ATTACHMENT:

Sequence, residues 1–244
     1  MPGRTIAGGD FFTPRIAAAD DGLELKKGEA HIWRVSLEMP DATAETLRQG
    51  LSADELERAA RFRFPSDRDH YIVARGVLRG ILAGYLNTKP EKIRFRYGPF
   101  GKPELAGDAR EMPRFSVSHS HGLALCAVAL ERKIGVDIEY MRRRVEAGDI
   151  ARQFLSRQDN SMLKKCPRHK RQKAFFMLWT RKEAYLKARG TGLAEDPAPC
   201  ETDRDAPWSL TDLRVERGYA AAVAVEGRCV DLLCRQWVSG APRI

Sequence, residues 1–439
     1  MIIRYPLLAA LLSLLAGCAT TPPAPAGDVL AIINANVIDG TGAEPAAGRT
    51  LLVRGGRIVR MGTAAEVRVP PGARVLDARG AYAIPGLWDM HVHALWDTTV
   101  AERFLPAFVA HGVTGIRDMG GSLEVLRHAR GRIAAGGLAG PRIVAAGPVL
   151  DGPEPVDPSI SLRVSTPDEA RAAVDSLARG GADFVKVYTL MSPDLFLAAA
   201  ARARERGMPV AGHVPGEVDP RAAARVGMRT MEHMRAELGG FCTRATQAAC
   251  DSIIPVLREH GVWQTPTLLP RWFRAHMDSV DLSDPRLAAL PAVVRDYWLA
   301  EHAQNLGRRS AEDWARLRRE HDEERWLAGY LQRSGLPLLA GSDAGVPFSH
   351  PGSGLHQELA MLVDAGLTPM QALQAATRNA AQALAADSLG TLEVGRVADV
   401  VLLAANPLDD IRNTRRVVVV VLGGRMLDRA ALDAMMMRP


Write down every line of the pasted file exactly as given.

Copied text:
Sequence, residues 1–244
     1  MPGRTIAGGD FFTPRIAAAD DGLELKKGEA HIWRVSLEMP DATAETLRQG
    51  LSADELERAA RFRFPSDRDH YIVARGVLRG ILAGYLNTKP EKIRFRYGPF
   101  GKPELAGDAR EMPRFSVSHS HGLALCAVAL ERKIGVDIEY MRRRVEAGDI
   151  ARQFLSRQDN SMLKKCPRHK RQKAFFMLWT RKEAYLKARG TGLAEDPAPC
   201  ETDRDAPWSL TDLRVERGYA AAVAVEGRCV DLLCRQWVSG APRI

Sequence, residues 1–439
     1  MIIRYPLLAA LLSLLAGCAT TPPAPAGDVL AIINANVIDG TGAEPAAGRT
    51  LLVRGGRIVR MGTAAEVRVP PGARVLDARG AYAIPGLWDM HVHALWDTTV
   101  AERFLPAFVA HGVTGIRDMG GSLEVLRHAR GRIAAGGLAG PRIVAAGPVL
   151  DGPEPVDPSI SLRVSTPDEA RAAVDSLARG GADFVKVYTL MSPDLFLAAA
   201  ARARERGMPV AGHVPGEVDP RAAARVGMRT MEHMRAELGG FCTRATQAAC
   251  DSIIPVLREH GVWQTPTLLP RWFRAHMDSV DLSDPRLAAL PAVVRDYWLA
   301  EHAQNLGRRS AEDWARLRRE HDEERWLAGY LQRSGLPLLA GSDAGVPFSH
   351  PGSGLHQELA MLVDAGLTPM QALQAATRNA AQALAADSLG TLEVGRVADV
   401  VLLAANPLDD IRNTRRVVVV VLGGRMLDRA ALDAMMMRP